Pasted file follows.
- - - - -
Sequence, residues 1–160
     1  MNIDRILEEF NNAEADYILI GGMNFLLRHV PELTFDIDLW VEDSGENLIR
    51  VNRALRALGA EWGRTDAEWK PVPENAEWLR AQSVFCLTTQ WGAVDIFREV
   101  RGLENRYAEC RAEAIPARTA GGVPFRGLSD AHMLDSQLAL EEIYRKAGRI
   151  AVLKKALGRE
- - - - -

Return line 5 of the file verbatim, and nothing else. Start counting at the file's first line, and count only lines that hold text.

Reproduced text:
   151  AVLKKALGRE